I actually left my moth trap on all night for the first time this summer! A nice array of the usual suspects (as opposed to the Suspect, a very rare moth!) whih included a garden tick in the form of a very smart looking Peach Blossom, so called for the delicate markings on the wings appear like peach blossom petals!
Green Silver Lines
Turnip Moth (I think!)
Thursday, June 26, 2008
Work took me to Blakeney this morning, which was sufficiently close enough to Cley NWT reserve to warrent a fleeting visit to enjoy 4 Spoonbill in flight over the reserve, several Little Egrets and best of all the summer plumaged Lesser Yellowlegs, a rare wading bird from North America. I have seen 'legs before but this one is a particularly fine looking bird with some strong black barring and spangled upperparts. Still digi-less so a few blobs of paint have been submitted to give you some idea!
Tuesday, June 24, 2008
The morning dog walk coincided with a high flying Curlew going west over village. Undoubtedly a non-breeding returning bird from the low countries (at a guess!) it won't be long before the geese and the Fieldfares are back! Please can we have some summer!
Sunday, June 22, 2008
Monday, June 16, 2008
Having not seen this small summer falcon locally yet this year, I was treated to a stunning view of one this morning as it lazily flew beside then infront of me as I walked the track. The reddish 'trousers' and yellow around the bill and eye were particularly bright. To further confirm the 'just like buses' saying, this evening two Hobbies looked somewhat rather more menacing as the belted down Church Lane terrorising the local hirundines (Swallows and Martins)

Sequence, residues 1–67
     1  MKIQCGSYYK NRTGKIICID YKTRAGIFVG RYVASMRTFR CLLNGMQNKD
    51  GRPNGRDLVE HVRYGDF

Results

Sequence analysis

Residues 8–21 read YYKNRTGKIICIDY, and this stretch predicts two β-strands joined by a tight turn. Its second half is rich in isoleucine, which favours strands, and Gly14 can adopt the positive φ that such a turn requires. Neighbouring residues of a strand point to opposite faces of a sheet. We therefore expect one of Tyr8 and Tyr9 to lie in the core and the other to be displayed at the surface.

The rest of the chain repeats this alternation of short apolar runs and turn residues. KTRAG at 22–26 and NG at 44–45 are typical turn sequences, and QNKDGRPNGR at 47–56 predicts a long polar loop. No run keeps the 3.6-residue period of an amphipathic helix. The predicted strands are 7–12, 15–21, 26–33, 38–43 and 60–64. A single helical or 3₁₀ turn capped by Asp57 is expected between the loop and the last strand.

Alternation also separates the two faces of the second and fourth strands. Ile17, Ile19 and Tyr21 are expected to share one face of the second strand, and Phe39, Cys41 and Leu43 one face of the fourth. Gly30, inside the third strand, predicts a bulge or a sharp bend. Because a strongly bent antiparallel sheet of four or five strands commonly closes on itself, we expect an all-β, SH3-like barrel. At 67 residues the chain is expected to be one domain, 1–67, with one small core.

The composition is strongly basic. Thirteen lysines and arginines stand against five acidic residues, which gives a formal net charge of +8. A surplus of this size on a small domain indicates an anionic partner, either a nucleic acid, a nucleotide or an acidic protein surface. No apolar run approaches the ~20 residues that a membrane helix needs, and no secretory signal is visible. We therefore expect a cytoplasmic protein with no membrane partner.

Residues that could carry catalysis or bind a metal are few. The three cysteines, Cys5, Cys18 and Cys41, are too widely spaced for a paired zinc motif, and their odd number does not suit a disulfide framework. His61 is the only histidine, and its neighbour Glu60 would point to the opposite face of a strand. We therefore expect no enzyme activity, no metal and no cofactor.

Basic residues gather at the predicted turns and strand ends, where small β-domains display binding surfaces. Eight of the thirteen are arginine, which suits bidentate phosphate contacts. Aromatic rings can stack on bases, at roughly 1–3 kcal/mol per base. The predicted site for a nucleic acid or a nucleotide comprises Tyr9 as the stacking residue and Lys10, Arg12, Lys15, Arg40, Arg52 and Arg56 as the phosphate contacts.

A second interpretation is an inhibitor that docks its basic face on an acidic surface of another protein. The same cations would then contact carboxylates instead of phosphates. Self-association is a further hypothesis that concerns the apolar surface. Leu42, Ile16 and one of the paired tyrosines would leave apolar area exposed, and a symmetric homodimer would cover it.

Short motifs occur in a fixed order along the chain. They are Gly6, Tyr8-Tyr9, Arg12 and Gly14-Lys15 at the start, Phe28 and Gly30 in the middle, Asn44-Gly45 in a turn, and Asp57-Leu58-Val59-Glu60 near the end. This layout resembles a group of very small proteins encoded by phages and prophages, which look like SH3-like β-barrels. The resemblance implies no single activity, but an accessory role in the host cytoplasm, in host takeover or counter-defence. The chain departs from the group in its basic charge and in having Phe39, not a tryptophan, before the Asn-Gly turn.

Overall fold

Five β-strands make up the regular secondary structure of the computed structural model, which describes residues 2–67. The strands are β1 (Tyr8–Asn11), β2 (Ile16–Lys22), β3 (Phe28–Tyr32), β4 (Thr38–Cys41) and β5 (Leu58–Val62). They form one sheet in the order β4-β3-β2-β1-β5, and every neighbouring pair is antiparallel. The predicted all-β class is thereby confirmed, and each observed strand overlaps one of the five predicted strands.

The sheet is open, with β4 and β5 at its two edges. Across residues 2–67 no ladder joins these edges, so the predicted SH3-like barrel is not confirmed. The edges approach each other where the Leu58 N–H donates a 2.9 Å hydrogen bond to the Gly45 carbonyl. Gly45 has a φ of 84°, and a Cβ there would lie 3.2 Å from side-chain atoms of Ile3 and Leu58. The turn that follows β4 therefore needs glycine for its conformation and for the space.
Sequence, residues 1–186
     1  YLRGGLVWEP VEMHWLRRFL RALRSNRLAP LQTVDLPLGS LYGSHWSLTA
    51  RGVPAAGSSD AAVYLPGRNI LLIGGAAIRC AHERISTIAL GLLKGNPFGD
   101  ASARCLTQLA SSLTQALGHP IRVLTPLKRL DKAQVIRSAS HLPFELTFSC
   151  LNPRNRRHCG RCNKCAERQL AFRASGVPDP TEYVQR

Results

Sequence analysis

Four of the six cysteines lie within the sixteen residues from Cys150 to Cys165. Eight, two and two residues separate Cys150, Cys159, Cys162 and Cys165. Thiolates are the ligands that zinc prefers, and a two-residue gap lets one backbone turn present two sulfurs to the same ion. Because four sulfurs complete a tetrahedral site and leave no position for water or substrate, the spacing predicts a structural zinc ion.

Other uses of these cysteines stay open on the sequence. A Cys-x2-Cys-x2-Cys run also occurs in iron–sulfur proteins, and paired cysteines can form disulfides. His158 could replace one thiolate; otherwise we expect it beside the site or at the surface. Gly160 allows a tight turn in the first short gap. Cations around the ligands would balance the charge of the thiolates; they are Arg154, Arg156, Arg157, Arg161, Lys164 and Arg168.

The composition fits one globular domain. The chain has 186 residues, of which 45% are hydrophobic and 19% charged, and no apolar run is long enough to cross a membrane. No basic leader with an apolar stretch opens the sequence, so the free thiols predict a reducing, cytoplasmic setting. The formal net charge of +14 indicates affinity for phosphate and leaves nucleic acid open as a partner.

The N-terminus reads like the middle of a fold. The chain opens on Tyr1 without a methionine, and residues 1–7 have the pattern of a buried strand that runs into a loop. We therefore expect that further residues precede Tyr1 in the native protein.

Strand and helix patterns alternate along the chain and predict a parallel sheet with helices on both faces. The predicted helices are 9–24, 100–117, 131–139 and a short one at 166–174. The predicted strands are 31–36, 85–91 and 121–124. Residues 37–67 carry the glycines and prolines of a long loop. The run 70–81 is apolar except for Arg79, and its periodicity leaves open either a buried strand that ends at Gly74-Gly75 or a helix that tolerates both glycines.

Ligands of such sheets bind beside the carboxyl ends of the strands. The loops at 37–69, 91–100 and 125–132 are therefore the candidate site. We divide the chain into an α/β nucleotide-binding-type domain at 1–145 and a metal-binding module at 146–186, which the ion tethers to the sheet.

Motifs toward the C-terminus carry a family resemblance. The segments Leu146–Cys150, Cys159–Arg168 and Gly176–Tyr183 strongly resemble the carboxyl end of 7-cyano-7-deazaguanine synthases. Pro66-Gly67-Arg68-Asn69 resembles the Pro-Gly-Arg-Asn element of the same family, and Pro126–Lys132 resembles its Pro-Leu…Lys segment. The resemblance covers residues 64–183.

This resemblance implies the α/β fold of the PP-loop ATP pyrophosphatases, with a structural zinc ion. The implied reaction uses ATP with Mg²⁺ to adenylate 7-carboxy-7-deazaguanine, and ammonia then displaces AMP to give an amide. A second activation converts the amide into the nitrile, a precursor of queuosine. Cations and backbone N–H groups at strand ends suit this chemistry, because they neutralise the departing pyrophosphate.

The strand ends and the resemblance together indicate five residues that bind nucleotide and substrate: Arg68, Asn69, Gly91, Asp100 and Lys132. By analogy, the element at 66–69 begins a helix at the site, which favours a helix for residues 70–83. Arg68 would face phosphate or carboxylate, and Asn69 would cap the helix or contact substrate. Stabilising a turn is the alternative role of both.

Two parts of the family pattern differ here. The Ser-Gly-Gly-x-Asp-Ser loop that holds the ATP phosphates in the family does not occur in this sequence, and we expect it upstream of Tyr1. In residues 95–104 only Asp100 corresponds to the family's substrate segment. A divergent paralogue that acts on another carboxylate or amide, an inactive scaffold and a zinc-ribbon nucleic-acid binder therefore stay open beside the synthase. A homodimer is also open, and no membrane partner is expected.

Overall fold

Friday, June 13, 2008
Working in the west of the county this morning, I took my lunch break at Syderstone Common. A short walk across some open grassland kicked out a day flying moth that I've been wanting to see for ages, a Mother Shipton. It eventually settled down where I manged to get a couple of record shots with my old 2 megapixel camera! This moth gets its name from the witch of the same name who was reputed to have a long crooked nose and chin, check out this moths wing pattern.
Tuesday, June 10, 2008
With the digiscoping gear still out of action, I've not been inspired enough to go too far, so had a look around the garden with my other camera today. Nothing stunning but pictures to look at nevertheless.
Silver Y moth
The Barn Owl has been regularly hunting the ex-set-a-side strip from late afternoon onwards, presumably having hungrey mouths to feed. We also have two species of wader breeding on the sugarbeet field behind the house in the form of at least two pairs of Lapwing and a noisy pair of Oystercatchers.
Saturday, June 07, 2008
A particularly grotty day weather wise was brightened up by an always beautiful BEE-EATER which was found just behind Northrepps Church late morning. The bird stuck faithfully to a hedgerow, seemingly sheltered from the breeze and drizzle and more importantly, one that was sheltered enough for Bees! This was my first Bee-eater sighting in Norfolk, and only my second in Britain. Unfortunately I am in the middle of a digiscoping crisis due to breakage of my camera adaptor, so I couldn't get any shots, but thanks to Rob Lee for allowing the use of his to make this post a little more interesting.